We suspect we’ve found the Japanese god of photography in an impossibly cool 73-year-old strolling through Tokyo in his limited-edition Doc Martens, Leica in hand. Of course, Herbie Yamaguchi, an inspiring, giving, open-hearted photographer with an illustrious career, humbly maintains that he’s not divine. “Maybe the god of photography gave me a special power to become a photographer,” he muses, flipping through his photobooks with us and showing us photos he took of Boy George, Princess Diana and others.
What we can say with certainty is that Yamaguchi is an award-winning photographer, and among the prestigious awards he’s received is a 2011 Lifetime Achievement Award from the Photographic Society of Japan. He’s also been part of competition juries for awards presented by camera giants such as Nikon, Canon and Fujifilm.
In addition to his photography work, he’s a radio and television personality and essayist and has been a visiting professor at several universities. Above all, he is a man of the people. Indeed, Yamaguchi is fascinated by people, the subject of most of his black-and-white photographs.
People are not only the center of his attention but are intrinsic to his identity as a photographer. “I believe that the day you become a photographer is not the day you buy a camera,” he tells us, “but the day you meet the subject you want to photograph.”
Yamaguchi is specific about his photography, sharing that he likes to take photos that “make people fall in love with people.” He’s been doing just that for half a century. We sat down with him to sift through the past, survey the present and talk about the future.
Snapshots of Hope
“I want to capture human hope.” This has been Yamaguchi’s motto since junior high school when he picked photography as an after-school activity. Suffering from poor health as a child after contracting tuberculosis as a baby, he had been unable to take part in most school sports activities. Photography was his only hope during a dark childhood marked by bullying.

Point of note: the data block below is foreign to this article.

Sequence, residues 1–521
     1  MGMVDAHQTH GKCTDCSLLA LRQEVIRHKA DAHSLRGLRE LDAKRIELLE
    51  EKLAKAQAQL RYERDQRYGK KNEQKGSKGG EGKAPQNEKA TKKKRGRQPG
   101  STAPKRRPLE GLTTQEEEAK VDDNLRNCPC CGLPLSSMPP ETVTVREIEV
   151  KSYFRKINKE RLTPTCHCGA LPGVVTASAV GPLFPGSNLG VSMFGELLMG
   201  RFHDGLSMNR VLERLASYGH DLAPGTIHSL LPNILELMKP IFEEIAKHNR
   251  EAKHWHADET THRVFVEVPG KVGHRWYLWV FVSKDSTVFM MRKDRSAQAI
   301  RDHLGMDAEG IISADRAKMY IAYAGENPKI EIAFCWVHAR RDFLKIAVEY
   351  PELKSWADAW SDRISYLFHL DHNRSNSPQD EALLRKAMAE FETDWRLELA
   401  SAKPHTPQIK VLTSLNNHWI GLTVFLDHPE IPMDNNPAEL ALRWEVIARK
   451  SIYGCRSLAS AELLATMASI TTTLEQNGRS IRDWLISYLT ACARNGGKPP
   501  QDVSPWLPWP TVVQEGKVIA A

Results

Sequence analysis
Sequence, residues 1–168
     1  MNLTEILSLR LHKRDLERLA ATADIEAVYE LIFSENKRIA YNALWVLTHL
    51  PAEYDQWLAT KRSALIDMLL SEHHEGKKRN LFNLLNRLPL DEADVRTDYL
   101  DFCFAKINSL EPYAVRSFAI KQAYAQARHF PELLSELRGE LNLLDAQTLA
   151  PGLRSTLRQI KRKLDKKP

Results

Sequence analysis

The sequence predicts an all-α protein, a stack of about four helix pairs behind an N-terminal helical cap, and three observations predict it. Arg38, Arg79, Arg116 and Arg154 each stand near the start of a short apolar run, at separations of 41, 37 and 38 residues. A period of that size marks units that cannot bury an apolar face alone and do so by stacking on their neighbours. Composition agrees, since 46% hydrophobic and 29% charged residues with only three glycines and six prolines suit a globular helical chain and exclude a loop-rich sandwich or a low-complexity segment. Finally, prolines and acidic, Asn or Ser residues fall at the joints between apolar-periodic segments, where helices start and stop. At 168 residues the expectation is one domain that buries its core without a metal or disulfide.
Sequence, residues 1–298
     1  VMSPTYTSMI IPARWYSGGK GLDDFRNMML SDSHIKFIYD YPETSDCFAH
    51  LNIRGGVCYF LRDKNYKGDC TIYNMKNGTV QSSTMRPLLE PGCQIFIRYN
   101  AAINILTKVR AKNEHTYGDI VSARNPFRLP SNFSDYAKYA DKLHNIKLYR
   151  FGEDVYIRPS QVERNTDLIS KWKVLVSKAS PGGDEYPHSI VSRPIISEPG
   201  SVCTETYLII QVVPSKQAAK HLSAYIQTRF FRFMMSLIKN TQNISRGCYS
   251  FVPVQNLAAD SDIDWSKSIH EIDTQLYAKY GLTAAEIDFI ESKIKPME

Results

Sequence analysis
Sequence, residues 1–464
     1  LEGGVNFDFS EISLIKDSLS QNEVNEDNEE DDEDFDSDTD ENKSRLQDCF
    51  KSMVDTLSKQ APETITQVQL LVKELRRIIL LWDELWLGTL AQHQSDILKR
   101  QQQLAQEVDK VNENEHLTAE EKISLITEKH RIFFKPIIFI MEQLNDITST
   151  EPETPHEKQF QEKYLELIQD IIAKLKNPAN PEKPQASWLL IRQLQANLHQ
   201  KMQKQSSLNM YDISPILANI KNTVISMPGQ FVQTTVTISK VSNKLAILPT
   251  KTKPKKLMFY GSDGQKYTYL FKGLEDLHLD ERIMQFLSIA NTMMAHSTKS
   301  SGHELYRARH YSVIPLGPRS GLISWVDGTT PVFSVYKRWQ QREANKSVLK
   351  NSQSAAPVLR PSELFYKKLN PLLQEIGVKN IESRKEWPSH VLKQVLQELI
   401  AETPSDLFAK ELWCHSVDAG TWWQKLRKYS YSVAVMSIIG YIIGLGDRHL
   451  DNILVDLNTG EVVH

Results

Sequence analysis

He still remembers the exact moment he realized what kind of photos he wanted to take — those of people full of emotion and care. The memory is rooted in the simple, mundane scene of girls playing with a ball at a local park.
“As I was taking photos, the ball flew toward me, almost hitting me. One of the girls looked at me, her eyes so tender and caring. But I couldn’t take that photo. I had to avoid the ball. Once I was safe, the emotion in her eyes disappeared,” Yamaguchi reminisces. “Those were the first nice, warm eyes directed at me from people in society.” Aside from his parents, he explains, no one had looked at him kindly until that day when he was 20 years old.
“If I could put in a photograph the kind emotion in her eyes, the picture would make everybody on this planet peaceful,” he says. To this day, he chases tender moments like these in his photography.
A few years later, he would photograph another pair of kind eyes — this time on the London Underground — and the experience would change his life as a photographer. The photo was of Joe Strummer, lead singer of The Clash.
“I was hesitant to approach him because it was a private situation,” Yamaguchi tells us. But he gathered the courage to ask for a photo, and Strummer agreed. “I was a stranger, but he looked at me with such tender eyes. He was not his stage persona.”
It’s a photo that was — and still is — highly appreciated. If you search through The Clash photos online, you won’t find another photo of Strummer that radiates such softness. Before he exited the train, Strummer left Yamaguchi with the words that guide him to this day: “Take all the photos you want to take. That’s punk.”
Yamaguchi took it to mean that you should live your life without compromise while avoiding making trouble. He feels that the punk movement was misunderstood and that it was actually about human dignity and being true to yourself.
Chasing the Dream
Yamaguchi moved to London in 1973. He had no plan and no English ability but was buoyed by a love of British music and a dream of becoming a professional photographer. As fate favors the brave, Yamaguchi managed to get an acting job despite never having stepped on a stage. He joined a Japanese theater company in London by the name of Red Buddha to support himself and took photos whenever he could. In hindsight, being poor was the catalyst for meeting people, as he had no choice but to share an apartment.
“This guy here, I was sharing a floor with him and maybe five or six people,” Yamaguchi says, showing us one of his photos. “Six months later, he became Boy George of Culture Club.”
Although he shot many recognizable names, he wasn’t actively chasing famous people. Rather, he was just chasing his dream of becoming a photographer, sharing a life, an apartment and a city with people his age who were reaching for their own dreams. Yamaguchi’s photos of these ascending stars, in contrast to photos taken by paparazzi, are full of carefree authenticity, friendship and freedom.